science, the preservation of personal rights, the equality of all citizens
before the law and the faithful observance of constitutional limita-

During all these years the Democratic party has resisted the ten-
dency of selfish interests to the centralization of governmental power,
and steadfastly maintained the integrity of the dual scheme of gov-
ernment established by the founders of this Republic of Republics.
Under its guidance and teachings the great principle of local self-gov-
ernment has found its best expression in the maintenance of the
rights of the States and in its assertion of the necessity of confining
the General Government to the exercise of the powers granted by the
Constitution of the United States.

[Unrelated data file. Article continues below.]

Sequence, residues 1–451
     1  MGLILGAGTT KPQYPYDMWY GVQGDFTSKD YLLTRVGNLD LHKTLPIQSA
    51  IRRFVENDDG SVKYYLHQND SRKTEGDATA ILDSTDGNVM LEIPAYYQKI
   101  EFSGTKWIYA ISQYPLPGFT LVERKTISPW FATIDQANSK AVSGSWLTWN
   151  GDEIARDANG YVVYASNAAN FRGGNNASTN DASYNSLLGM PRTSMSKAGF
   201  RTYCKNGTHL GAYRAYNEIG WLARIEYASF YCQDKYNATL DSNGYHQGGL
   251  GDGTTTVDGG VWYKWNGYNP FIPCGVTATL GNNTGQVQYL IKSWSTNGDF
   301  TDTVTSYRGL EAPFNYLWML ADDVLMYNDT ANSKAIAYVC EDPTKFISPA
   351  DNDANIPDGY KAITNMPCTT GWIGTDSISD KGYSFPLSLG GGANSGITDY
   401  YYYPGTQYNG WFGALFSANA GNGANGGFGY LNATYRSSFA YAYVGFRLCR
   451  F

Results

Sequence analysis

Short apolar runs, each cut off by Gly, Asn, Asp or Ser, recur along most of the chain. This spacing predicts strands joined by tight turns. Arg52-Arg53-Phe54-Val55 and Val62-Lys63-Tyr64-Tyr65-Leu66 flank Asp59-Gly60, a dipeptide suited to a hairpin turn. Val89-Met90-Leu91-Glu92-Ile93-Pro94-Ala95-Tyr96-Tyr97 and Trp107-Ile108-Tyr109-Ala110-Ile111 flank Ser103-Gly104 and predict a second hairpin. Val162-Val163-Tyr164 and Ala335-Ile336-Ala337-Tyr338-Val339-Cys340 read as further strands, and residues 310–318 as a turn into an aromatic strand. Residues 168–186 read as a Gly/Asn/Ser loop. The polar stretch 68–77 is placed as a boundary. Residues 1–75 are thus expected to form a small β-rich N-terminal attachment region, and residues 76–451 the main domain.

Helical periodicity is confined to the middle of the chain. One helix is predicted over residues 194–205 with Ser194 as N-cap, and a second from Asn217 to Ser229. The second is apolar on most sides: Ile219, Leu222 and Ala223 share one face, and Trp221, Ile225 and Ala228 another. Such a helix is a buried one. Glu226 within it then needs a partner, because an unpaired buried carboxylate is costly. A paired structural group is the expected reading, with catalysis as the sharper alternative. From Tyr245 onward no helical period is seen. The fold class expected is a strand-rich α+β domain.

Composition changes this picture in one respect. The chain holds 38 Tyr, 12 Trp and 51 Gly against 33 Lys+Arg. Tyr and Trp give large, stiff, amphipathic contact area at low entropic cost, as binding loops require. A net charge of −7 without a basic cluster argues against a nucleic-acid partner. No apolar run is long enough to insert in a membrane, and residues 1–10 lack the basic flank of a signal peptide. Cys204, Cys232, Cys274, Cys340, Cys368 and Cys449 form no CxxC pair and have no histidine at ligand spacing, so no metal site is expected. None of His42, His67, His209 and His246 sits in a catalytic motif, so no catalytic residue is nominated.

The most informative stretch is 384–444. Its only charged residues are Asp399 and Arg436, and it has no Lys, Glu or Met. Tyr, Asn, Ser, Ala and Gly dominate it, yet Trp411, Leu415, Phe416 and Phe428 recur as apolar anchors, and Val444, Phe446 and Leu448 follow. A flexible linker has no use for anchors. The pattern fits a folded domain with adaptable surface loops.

Recognizing that the money system is paramount to all others at
this time, we invite attention to the fact that the Federal Constitu-
tion names silver and gold together as the money metals of the
United States, and that the first coinage law passed by Congress
under the Constitution made the silver dollar the monetary unit and
admitted 'gold to free coinage at a ratio based upon the silver dollar

We declare that the Act of 1873 demonetizing silver without the
knowledge or approval of the American people has resulted in the
appreciation of gold and a corresponding fall in the prices of com-
modities produced by the people; a heavy increase in the burden of
taxation and of all debts public and private; the enrichment of the
money lending class at home and abroad; prostration of industry and
impoverishment of the people.

We are unalterably opposed to monometallism, which has locked
fast the prosperity of an industrial people in the paralysis of hard